BG: Is there anything you would credit with bringing about those changes? What’s encouraging organizations to think differently about how they source and procure their products?

ES: I think a lot of it is just simple economics. A lot of organizations have seen the commodities they need get more expensive. They can’t afford to just reduce headcount or ship labor overseas either. The best companies are responding to changes by nurturing the talent they’ve got and encouraging them to approach purchasing more strategically. They’re recognizing that cutting costs isn’t just about identifying a lower price. It’s about seeing things from end-to-end – identifying the best suppliers, carrying out effective events, and working to enforce compliance.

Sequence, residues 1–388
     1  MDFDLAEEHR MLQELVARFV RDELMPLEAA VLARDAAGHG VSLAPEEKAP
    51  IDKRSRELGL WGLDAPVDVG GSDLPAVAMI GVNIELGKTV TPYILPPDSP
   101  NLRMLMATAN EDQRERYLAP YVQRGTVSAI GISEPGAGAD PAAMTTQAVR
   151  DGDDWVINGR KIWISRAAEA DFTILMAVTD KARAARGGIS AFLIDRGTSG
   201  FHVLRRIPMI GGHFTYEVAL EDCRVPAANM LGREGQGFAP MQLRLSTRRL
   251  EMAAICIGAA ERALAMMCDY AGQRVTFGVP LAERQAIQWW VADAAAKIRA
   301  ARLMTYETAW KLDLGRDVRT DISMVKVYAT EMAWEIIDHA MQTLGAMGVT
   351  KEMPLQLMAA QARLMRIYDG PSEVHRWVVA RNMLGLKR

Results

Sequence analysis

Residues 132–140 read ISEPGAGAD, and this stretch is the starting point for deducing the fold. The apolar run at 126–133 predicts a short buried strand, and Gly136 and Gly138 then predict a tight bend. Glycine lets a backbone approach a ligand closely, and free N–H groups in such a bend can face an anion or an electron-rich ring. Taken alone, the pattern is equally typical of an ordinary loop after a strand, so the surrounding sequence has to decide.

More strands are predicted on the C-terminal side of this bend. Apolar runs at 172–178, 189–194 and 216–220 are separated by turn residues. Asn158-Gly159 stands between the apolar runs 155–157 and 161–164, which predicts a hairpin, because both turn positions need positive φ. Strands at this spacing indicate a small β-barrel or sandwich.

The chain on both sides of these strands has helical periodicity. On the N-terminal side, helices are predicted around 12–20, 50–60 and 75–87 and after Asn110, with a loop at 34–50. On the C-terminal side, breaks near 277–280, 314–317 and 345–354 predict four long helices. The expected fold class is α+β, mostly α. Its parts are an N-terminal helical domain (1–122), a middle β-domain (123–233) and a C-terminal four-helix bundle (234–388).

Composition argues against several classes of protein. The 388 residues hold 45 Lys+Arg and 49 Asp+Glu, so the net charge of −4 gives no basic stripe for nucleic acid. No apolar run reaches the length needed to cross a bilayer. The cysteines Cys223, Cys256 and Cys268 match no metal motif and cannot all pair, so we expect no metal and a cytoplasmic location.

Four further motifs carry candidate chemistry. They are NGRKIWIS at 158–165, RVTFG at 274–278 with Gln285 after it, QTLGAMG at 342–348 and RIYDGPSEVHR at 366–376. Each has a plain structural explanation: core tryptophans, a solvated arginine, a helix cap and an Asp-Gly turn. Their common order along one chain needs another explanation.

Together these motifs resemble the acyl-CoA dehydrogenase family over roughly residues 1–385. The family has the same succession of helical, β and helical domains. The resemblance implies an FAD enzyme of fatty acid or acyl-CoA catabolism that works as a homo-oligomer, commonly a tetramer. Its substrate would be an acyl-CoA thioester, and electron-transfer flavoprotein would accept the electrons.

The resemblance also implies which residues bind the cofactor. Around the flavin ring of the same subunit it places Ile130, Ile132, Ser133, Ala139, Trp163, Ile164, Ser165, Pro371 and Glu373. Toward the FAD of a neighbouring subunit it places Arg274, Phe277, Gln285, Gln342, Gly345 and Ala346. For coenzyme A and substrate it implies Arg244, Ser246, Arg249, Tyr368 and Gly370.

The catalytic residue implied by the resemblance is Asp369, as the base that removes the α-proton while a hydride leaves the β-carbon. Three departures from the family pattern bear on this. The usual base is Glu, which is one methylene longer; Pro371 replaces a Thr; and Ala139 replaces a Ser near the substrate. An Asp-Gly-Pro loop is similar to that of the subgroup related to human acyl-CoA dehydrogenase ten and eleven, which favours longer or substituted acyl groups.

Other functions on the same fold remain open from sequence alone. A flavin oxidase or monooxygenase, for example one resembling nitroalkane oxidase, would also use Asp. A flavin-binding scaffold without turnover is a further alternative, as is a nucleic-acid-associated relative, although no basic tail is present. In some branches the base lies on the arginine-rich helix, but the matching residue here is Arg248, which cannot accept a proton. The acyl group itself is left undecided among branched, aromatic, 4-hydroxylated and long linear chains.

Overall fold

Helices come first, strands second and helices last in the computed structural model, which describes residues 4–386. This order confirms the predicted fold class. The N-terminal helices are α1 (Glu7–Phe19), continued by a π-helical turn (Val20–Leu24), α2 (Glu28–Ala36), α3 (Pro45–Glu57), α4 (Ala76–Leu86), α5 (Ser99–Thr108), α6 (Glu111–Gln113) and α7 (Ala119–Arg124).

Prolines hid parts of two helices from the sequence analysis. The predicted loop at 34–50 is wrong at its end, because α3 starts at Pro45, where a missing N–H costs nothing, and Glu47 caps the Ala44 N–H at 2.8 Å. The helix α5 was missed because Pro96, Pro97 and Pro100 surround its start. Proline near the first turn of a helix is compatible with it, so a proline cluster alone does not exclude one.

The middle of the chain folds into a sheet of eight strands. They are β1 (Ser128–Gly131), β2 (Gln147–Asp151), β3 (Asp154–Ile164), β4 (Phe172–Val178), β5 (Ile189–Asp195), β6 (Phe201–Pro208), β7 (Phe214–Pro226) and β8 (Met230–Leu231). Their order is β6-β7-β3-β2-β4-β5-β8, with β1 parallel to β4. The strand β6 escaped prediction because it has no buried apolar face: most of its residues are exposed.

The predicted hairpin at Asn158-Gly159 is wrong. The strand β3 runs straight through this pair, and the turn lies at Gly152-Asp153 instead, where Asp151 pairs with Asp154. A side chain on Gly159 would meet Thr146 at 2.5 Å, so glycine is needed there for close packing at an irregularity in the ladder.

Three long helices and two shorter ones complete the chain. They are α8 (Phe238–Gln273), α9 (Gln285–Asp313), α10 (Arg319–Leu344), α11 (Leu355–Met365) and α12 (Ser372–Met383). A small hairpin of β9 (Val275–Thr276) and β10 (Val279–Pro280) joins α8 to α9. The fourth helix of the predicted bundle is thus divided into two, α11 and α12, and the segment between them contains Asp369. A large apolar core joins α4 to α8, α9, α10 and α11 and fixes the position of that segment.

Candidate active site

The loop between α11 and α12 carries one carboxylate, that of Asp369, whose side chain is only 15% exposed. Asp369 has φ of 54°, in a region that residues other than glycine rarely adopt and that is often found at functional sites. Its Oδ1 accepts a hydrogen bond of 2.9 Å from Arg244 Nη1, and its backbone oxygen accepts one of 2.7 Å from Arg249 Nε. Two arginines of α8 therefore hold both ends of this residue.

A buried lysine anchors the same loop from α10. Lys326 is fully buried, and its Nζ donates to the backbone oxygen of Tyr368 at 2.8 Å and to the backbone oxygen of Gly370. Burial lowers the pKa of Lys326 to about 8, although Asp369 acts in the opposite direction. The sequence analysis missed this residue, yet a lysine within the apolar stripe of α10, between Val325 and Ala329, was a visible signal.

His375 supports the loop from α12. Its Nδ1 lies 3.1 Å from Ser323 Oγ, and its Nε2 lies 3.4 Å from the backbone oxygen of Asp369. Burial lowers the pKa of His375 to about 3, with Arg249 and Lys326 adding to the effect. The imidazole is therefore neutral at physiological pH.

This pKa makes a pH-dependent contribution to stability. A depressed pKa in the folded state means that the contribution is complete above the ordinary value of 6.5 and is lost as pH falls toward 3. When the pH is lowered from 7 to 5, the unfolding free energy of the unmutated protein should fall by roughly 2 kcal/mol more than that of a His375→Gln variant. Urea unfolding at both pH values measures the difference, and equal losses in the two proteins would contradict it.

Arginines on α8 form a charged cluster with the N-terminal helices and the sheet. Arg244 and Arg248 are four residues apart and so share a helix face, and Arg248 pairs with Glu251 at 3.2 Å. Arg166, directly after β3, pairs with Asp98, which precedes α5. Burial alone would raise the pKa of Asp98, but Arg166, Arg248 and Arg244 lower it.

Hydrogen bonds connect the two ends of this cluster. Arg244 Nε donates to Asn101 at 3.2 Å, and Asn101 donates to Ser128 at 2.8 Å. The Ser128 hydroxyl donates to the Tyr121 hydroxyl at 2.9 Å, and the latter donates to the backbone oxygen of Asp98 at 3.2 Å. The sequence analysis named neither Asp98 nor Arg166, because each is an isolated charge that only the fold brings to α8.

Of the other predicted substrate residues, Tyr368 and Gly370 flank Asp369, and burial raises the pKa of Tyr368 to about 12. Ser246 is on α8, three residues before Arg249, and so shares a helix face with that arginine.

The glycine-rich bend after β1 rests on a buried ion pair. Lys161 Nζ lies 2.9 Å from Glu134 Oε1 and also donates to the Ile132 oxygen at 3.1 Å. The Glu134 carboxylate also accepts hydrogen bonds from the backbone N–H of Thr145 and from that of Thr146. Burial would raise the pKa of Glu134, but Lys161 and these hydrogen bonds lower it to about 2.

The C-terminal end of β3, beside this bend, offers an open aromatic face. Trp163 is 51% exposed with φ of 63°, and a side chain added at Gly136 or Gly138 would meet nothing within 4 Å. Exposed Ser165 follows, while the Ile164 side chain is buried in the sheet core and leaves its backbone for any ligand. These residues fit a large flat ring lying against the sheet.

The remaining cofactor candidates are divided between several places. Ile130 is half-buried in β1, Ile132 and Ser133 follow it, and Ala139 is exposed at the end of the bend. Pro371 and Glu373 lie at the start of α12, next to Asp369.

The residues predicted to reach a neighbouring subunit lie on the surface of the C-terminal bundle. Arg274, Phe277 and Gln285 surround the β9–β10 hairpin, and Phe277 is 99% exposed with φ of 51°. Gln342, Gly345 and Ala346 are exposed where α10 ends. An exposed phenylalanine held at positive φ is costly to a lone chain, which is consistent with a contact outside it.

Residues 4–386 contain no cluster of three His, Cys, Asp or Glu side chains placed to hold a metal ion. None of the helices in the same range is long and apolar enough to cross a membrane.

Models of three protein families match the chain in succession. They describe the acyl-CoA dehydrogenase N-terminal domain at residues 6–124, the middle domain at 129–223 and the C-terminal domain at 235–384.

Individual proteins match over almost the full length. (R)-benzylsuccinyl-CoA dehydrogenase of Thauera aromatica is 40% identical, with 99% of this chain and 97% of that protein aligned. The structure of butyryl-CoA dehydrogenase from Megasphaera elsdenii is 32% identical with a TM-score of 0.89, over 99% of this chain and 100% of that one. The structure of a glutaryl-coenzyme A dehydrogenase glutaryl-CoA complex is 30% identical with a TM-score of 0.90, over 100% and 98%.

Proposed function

BG: Have changes in the Procurement space helped change the definition of what it means to excel as a Procurement professional?

ES: Yeah, I think it’s only become more important for Procurement professionals to stay ahead of the trends and keep their eyes open to whatever’s coming next. You’ve got to have that vision in you’re going to adapt to disruption and set your clients up for success in the long term.

BG: And are there any new skills you see becoming more important as Procurement continues to evolve?

ES: Obviously we all know that Procurement professionals need to be well-versed in math and finance, but I think the human aspect of Procurement is becoming more and more important. You’ve got to be able to interact with people and communicate expectations and recommendations effectively.